The $3.7 million in costs itemized during a December vote to expand Charlotte-Mecklenburg Schools’ menu of school options was only part of the tab, Superintendent Heath Morrison said after the school board Tuesday approved an additional $845,000 for a modular building at UNC Charlotte.
In October, the school board began publicly discussing a dozen new options for 2014-15, including new magnets and alternative high schools on college campuses. Costs weren’t attached to those projects until the Dec. 11 meeting when the board gave the go-ahead.
That presentation noted that there would be a $35,000 addition to the 2014-15 budget for facility maintenance at UNCC-EPIC Early College High, a school where students can earn up to two years’ tuition-free college credit while working toward their diploma.
The UNCC high school is one of the options being offered during the 2014-15 application season, which runs through Feb. 11.
The October discussion had noted that a modular building would be needed at UNCC, but the cost wasn’t specified. The cost wasn’t clear until CMS and the university worked out details on the number of students and location, Morrison said.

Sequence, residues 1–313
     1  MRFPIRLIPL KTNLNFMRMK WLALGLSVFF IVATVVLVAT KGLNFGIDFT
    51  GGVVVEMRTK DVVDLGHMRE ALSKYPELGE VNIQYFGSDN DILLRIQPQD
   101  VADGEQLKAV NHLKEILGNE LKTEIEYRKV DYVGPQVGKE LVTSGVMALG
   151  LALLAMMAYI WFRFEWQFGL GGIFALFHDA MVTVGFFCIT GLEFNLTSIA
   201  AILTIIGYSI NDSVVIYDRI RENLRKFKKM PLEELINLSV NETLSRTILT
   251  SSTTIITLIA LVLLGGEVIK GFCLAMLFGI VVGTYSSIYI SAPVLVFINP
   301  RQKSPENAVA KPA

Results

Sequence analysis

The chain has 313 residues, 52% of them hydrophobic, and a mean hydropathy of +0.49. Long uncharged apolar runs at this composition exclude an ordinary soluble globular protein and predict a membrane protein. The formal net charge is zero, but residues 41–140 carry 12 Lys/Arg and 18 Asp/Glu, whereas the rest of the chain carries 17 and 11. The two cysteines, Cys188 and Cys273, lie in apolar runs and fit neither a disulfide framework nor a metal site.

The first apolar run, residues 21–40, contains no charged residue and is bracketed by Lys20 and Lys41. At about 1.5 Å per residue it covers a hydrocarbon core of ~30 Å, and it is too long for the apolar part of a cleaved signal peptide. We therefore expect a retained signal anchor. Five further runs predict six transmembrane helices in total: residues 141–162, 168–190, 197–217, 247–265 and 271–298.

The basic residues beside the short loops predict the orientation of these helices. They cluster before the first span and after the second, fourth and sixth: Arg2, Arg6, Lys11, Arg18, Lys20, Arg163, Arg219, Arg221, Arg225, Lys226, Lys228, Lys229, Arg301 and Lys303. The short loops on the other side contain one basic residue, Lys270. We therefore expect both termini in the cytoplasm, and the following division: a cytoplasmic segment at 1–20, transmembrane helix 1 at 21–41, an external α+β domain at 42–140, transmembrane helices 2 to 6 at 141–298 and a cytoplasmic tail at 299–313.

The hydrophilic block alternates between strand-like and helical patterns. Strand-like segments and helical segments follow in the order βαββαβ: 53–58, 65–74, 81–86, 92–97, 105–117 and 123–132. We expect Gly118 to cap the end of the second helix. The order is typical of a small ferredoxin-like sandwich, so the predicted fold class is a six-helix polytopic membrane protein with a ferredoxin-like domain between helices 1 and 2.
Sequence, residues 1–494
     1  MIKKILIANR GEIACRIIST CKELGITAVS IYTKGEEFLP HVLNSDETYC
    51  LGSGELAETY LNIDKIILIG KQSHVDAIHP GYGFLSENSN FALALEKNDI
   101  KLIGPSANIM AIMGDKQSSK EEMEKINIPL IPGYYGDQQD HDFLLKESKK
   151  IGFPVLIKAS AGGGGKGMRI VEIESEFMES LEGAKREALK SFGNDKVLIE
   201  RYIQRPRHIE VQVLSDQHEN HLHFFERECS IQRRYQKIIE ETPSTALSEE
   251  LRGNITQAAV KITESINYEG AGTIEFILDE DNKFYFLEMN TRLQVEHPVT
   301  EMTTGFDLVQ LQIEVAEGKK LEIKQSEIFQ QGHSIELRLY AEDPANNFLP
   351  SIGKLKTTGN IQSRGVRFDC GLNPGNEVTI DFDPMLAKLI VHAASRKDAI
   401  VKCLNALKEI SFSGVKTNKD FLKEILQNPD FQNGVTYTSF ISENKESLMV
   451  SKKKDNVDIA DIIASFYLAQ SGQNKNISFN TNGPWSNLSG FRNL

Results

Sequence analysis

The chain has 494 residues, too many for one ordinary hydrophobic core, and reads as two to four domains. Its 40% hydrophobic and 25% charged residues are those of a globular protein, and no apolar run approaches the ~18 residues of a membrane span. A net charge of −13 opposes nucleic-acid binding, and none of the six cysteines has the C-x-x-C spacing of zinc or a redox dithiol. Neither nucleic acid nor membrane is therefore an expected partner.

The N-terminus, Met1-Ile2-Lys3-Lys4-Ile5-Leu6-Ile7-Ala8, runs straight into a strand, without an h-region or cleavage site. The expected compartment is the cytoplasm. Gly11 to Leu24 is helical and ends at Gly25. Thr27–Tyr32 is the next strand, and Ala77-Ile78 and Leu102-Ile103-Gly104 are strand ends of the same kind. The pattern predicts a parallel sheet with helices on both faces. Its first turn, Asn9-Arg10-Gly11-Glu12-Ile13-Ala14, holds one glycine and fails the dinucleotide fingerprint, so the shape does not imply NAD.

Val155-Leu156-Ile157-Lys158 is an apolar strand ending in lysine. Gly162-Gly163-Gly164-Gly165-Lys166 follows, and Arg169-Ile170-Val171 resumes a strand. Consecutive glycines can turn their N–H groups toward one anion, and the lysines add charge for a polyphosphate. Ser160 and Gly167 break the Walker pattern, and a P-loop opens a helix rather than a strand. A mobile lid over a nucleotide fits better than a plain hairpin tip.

On Tuesday, the board unanimously approved spending $845,027 for Mobile Modular Management Corp. to deliver and build a 10-classroom building to house the high school, which opens in August. That will come from county money set aside for mobile classrooms in the 2013-14 budget, he said.
Board member Joyce Waddell asked if that unit would be replaced by a real building. Morrison said that might be a goal eventually, but there’s no money available to construct a “bricks and mortar building” at UNCC in the foreseeable future.
After the meeting, Morrison said the costs listed in December were never presented as a full tally, but instead responded to a board member’s request for spending that would appear in the 2014-15 budget that CMS is starting to develop.
Those costs included $803,000 for mobile classrooms and bus tokens for a new high school at Central Piedmont Community College’s Harper campus and $910,000 for science labs and mobile classrooms to expand Mountain Island Elementary into a K-8 school.
“We have consistently said there will be other costs,” he said. “We have tried to be very public with this. We have shared the information.”
Morrison could not cite a place where the public could find a complete tally of the costs for the new options.
Helms: 704-358-5033; Twitter: @anndosshelms
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